"Wink" by Sir Peter Blake, hand signed, limited edition serigraph on paper, #145/175, 2008, 82.0cm x 60.0cm Source: Private Collection
We have investigated various types of print in our series on identification, from the woodcut and engraving to the monotype and lithograph. Now, it's time to check out the screen print, also known as a silkscreen or serigraph, a form of stencilling - and one of the most versatile of all the printing processes.
A little bit of history
Screen printing first made its appearance in China during the Song Dynasty (906 – 1279 AD). It slowly made its way to Western Europe in the late 18th century but didn’t gain popularity until silk mesh became more readily available.
By the 1930s, a number of American artists began producing artwork using screen printing methods. By the end of the decade, ‘serigraph’ was used to distinguish an artists’ screen print from commercial examples.
A few famous friends…
In the future, every serigraph will be famous for 15 minutes
It was during the psychedelic 60s that screen printing really gained traction when it caught the attention of Pop artists such as Andy Warhol - attracted by the bold areas of unmodulated colour, its flat surfaces, and generally commercial look.
Andy Warhol is credited with popularising screen printing, with other arty greats including Robert Rauschenberg and Roy Lichtenstein following suit.
Make Love – Not War
Sister Mary Corita Kent, worked almost exclusively with silkscreen, and helped establish it as a fine art medium. Her iconic screen prints featured messages of love and peace, spreading faith and hope, during the social upheavals of the 1960s and 1970s.
In Corita’s words, “It [printmaking] enables me to produce a quantity of original art for those who cannot afford to purchase high-priced art. … The distribution of these prints to everyday places of work pleases me, and I hope they will give people a lift.”
The first step is when an artist cuts an image into a sheet of paper or film to create a stencil. Only the cutaway areas will print.
The stencil is then attached to a screen made of fine mesh that is stretched on a frame.
Paper is placed underneath the frame and ink is placed across the top of the screen. Then, with the superpower of a squeegee, the ink is squeezed through the stencil onto the paper. Separate screens are used for each colour (if more than one is required), to achieve the final look.
This technique is not limited to paper. T-shirts, vinyl, wood, posters, stickers, and books ... almost anything goes as far as screen printing material is concerned.
Have you registered?
To identify whether you have a silkscreen on your hands, look closely with a magnifying glass or loupe at where the colours meet at the edges. You should be able to see miniscule overlapping of colours in certain areas.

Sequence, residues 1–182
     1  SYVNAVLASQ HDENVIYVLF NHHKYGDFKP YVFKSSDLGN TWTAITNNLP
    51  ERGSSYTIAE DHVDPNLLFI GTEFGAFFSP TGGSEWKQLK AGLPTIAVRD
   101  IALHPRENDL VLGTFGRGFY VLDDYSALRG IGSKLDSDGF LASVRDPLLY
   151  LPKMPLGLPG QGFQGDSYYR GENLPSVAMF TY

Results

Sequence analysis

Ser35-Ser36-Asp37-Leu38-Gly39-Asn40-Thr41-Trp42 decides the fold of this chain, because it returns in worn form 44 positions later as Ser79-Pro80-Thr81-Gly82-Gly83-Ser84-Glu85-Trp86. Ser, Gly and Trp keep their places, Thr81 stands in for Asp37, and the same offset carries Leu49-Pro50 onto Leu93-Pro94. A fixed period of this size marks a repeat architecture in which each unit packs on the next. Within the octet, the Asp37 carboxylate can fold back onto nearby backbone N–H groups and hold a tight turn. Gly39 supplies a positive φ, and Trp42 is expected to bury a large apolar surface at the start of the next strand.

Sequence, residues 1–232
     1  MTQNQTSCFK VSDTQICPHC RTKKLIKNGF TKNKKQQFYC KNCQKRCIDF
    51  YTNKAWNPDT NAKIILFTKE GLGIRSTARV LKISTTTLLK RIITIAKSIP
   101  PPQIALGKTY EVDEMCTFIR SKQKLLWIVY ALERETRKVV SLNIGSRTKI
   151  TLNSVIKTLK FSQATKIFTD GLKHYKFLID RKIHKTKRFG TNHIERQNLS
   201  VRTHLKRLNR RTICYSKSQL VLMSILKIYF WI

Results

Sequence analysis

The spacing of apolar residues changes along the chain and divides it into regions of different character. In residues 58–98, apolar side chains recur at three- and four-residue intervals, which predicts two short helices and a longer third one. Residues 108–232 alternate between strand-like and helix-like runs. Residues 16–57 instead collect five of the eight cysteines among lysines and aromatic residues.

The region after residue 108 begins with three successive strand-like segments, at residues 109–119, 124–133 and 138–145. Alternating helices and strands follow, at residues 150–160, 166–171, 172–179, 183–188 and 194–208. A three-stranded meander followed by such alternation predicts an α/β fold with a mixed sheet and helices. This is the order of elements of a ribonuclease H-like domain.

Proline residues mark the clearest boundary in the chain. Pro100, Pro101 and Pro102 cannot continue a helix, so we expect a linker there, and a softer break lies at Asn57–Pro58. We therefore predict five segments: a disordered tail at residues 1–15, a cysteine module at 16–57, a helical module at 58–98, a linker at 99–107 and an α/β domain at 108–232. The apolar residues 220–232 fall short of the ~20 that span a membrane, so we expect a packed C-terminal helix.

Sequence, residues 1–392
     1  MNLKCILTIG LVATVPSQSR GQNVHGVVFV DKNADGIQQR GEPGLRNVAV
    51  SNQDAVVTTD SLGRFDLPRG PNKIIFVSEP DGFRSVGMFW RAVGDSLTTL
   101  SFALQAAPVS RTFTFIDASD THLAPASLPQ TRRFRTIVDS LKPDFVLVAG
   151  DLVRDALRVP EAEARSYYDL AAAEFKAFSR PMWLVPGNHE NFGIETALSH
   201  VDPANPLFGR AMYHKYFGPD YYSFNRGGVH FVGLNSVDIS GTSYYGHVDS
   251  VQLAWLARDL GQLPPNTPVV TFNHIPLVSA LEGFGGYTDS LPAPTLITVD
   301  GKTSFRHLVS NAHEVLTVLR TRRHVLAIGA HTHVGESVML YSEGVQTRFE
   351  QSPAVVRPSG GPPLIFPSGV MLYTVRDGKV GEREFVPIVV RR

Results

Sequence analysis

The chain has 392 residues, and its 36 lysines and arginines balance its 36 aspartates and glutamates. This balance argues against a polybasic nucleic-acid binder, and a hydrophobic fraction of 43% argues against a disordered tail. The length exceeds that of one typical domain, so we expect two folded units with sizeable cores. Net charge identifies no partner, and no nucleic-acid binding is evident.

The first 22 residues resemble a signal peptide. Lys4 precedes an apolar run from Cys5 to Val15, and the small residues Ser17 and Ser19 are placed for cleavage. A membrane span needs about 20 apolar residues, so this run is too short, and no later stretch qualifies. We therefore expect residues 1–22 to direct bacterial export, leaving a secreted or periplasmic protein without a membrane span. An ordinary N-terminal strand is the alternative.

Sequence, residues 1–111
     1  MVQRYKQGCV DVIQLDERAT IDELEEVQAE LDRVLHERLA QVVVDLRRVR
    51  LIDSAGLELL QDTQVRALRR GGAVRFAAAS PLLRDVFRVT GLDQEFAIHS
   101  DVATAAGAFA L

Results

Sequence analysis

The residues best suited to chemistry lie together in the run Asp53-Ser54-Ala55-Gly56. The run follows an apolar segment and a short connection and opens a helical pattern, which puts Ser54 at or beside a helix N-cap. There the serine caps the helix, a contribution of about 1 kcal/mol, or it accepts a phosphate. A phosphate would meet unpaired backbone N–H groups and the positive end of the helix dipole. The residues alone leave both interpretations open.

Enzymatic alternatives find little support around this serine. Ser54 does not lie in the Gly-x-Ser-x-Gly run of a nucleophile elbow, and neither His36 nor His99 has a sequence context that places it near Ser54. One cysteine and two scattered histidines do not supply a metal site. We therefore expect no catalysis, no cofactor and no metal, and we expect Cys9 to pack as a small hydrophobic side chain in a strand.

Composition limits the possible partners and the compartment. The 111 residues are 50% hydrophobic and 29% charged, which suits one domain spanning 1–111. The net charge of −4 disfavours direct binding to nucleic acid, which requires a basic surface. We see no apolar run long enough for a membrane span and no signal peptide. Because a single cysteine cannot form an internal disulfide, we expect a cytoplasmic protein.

‘Registration’ is the alignment of one colour of artwork with another. Multi colour prints require the different colours of the artwork to line up correctly in relation to one another. If something is off-registration, you will see the overlap and know you have a serigraph on your hands. Registering perfectly takes a master craftsperson.
Does this make me look flat?
Large areas of flat colour, meaning, there are no dot/matrix patterns on the surface, are another characteristic to look out for. These colours are slightly raised or ‘sit’ on the paper and should be smooth and continuous.
(Don’t) Use the Force
As screen prints do not involve the forceful pressure of a printing plate upon paper through a press, you will not see the characteristic indent of a printing plate on a screen print.
If you’re not sure whether you’re looking at a serigraph or a lithograph, feel the paper. Lithographic paper usually has a heavier grain whereas serigraph paper typically has a smoother texture.
So to sum up the screen print:
- The medium was made super famous by Andy Warhol.
- The process consists of three elements: the screen that is the image carrier, the squeegee, and ink.
- The technique is not limited to paper.
- Separate screens are used for each colour.
- Look for registration or off-registration.
- You will not see an indent from a printing plate.
- Screen print paper typically has a smoother texture than lithographic paper.
But wait! There’s more!
Before we go, here’s a little snippet from Andy Warhol:
“In August ‘62 I started doing silkscreens. I wanted something stronger that gave more of an assembly line effect. With silk screening you pick a photograph, blow it up, transfer it in glue onto silk, and then roll ink across it so the ink goes through the silk but not through the glue. That way you get the same image, slightly different each time. It was all so simple quick and chancy. I was thrilled with it. When Marilyn Monroe happened to die that month, I got the idea to make screens of her beautiful face, the first Marilyns.”
Until next time…arrivederci from Addicted! :)
"Marilyn," silkscreen by Andy Warhol, 1967 Source: Artsy